Very briefly, gatekeeping occurs when an authority figure, self-appointed or official, creates a fear-based system to control the behavior of others. And uses those within a less powerful demographic to impose sanctions on themselves. Thus creating fear and anxiety surrounding the ‘possible’ repercussions to the individual or the group as a whole if anyone steps out of line. By telling women that a small group, who asked the church to address their observations of inequality, have, in fact, caused the removal of blessings for the entire church. This system creates distrust among women, resentment towards those who have spoken out, and silences voices.


 This type of behavior is rebuked in the scriptures. In Luke 11:10-13 we read: For every one that asketh receiveth; and he that seeketh findeth; and to him that knocketh it shall be opened. If a son shall ask bread of any of you that is a father, will he give him a stone? or if he ask a fish, will he for a fish give him a serpent? Or if he shall ask an egg, will he offer him a scorpion? If ye then, being evil, know how to give good gifts unto your children: how much more shall your heavenly Father give the Holy Spirit to them that ask him?

The Lord was very clear about knocking and asking, and the proper response by those in positions of authority. And unless the King James horribly mistranslated the Greek- the proper scriptural response is not what these narrative tales depict. For example, this class of anecdotes depicts the Twelve as having seriously considered reversing their previous decision to allow women to pray in April of 2013, because a group dared to ask why in 183 years of LDS Church history, no woman had ever prayed in General Conference. I think this idea is profoundly depressing. And if- as these narratives assume, that blessings are still being removed or withheld from the Church because of Ordain Women or any other group, then I have to say I am rather speechless and appalled.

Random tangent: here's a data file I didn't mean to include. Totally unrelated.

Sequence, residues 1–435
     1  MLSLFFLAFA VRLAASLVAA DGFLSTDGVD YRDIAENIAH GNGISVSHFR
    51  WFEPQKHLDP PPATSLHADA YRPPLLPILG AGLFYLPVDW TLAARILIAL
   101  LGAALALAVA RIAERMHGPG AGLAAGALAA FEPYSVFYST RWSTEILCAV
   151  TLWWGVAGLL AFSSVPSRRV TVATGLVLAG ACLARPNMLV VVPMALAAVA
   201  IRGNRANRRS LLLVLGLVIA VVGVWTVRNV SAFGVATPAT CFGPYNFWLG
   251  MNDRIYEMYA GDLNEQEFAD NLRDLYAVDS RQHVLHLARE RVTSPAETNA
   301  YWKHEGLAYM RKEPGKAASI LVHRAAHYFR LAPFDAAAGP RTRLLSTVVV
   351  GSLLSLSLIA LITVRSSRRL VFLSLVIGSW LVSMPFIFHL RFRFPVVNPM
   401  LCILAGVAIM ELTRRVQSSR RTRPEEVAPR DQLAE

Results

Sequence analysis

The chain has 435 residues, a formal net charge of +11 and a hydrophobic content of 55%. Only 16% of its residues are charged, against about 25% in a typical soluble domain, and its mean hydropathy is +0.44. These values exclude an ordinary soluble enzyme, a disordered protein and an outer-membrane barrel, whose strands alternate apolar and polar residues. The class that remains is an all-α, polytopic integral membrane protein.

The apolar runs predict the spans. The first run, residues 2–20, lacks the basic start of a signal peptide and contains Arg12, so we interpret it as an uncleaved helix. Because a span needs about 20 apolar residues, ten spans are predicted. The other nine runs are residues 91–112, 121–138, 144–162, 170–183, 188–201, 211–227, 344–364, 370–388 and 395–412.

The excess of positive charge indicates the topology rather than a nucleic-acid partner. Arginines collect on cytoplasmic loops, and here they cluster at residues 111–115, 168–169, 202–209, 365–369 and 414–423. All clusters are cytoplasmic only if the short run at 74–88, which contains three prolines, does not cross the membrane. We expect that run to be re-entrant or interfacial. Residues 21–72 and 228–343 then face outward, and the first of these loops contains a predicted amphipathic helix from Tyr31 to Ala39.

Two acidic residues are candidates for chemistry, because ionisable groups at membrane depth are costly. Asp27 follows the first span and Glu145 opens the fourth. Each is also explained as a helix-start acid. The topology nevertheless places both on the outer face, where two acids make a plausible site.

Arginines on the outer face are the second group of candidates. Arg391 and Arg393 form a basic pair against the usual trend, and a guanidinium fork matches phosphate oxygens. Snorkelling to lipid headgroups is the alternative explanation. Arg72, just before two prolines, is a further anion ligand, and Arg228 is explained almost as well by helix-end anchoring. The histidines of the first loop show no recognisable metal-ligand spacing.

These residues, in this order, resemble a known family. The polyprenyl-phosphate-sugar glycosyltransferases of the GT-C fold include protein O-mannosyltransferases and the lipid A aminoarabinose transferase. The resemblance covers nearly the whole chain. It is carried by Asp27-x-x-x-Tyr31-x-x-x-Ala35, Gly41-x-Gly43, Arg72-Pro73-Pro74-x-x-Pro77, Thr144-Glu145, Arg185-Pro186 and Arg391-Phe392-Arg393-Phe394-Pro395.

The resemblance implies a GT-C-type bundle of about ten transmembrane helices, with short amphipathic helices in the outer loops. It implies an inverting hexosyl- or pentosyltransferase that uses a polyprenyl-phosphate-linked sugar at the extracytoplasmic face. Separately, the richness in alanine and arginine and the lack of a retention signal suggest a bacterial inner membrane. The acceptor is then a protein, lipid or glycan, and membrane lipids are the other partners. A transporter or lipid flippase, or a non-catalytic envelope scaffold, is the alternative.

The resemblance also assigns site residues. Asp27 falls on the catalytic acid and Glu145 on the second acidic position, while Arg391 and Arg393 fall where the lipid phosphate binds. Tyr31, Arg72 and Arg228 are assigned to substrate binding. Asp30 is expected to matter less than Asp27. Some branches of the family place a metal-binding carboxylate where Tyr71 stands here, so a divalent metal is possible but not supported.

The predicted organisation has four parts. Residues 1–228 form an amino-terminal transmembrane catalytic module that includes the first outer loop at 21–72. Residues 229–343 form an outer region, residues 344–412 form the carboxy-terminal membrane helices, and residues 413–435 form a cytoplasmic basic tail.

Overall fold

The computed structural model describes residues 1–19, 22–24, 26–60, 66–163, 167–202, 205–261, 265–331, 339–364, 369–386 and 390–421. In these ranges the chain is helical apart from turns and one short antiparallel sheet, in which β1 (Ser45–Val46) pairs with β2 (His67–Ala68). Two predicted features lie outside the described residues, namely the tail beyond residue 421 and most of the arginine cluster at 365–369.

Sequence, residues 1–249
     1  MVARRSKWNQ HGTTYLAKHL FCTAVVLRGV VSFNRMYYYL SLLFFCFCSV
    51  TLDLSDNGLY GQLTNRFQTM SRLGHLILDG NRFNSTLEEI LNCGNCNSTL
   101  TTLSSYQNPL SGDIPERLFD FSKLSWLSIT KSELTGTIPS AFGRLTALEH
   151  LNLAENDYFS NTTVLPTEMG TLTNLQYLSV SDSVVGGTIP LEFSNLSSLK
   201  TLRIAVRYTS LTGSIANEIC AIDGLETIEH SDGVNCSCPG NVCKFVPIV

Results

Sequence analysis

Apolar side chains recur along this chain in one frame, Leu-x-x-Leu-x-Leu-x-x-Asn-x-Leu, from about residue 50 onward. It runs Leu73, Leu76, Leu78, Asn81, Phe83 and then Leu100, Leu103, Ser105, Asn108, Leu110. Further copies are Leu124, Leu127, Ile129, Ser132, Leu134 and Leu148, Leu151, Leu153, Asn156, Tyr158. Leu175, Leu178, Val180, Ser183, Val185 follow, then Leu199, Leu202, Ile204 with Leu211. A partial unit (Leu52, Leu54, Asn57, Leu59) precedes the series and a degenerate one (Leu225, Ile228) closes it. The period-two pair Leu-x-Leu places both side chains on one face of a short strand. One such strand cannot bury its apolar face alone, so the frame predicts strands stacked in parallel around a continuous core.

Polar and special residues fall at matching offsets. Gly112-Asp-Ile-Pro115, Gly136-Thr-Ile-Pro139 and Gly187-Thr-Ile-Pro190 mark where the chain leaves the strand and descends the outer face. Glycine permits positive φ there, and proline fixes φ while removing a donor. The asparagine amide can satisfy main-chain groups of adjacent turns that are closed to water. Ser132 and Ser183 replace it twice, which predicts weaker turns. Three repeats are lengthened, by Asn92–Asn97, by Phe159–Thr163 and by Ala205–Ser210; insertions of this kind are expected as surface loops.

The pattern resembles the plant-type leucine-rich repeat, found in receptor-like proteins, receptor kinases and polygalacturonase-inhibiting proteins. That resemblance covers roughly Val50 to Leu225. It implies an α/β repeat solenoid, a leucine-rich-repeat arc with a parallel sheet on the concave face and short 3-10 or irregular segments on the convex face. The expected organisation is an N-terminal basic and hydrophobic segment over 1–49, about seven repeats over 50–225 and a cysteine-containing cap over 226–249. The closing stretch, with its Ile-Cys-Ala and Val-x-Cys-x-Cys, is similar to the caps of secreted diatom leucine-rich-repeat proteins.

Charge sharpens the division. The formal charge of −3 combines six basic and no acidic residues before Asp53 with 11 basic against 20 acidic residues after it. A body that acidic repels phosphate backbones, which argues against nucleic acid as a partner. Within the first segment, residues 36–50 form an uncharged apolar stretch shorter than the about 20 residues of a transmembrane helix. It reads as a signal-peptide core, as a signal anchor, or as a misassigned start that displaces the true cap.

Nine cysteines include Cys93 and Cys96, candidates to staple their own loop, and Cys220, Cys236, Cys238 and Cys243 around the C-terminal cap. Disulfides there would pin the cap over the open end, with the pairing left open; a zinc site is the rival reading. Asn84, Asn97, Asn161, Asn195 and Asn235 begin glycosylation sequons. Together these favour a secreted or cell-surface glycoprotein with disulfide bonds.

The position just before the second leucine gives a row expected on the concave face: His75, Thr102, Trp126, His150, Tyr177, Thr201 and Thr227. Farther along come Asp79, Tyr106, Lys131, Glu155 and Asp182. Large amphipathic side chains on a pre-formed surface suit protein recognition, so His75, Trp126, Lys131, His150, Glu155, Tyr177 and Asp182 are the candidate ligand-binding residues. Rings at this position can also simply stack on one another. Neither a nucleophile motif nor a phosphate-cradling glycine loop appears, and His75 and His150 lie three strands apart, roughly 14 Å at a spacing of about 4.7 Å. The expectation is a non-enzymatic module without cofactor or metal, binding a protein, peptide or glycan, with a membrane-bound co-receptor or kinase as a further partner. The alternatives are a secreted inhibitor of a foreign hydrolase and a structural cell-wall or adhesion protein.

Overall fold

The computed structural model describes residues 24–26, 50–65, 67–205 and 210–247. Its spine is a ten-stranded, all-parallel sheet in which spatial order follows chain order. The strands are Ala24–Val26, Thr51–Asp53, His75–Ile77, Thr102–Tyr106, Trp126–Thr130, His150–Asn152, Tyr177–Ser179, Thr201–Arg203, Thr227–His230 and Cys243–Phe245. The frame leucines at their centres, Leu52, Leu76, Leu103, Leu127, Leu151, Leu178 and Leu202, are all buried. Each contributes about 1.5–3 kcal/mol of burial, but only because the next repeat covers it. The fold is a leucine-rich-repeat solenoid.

These stories perpetuated by individuals are not faith promoting and undermine the processes of revelation and agency. In my opinion these narratives need to stop being used by those who profess to help the church, because, in reality, these narratives make the whole situation worse. These stories depict Church leaders as petty, immature, and vindictive. I certainly hope that individuals called of God would not engage in such juvenile behavior. I have faith that we can stop using unverifiable quasi-apologetic accounts to suppress faithful questions.

Jessica is a Master's Student at King's College London, where she studies religion in the contemporary world. She recently completed an advanced Diploma in Religious Studies at the University of Cambridge. She earned a Bachelors from BYU in Marriage, Family, and Human Development. She is married to her best friend, and they have 4 daughters.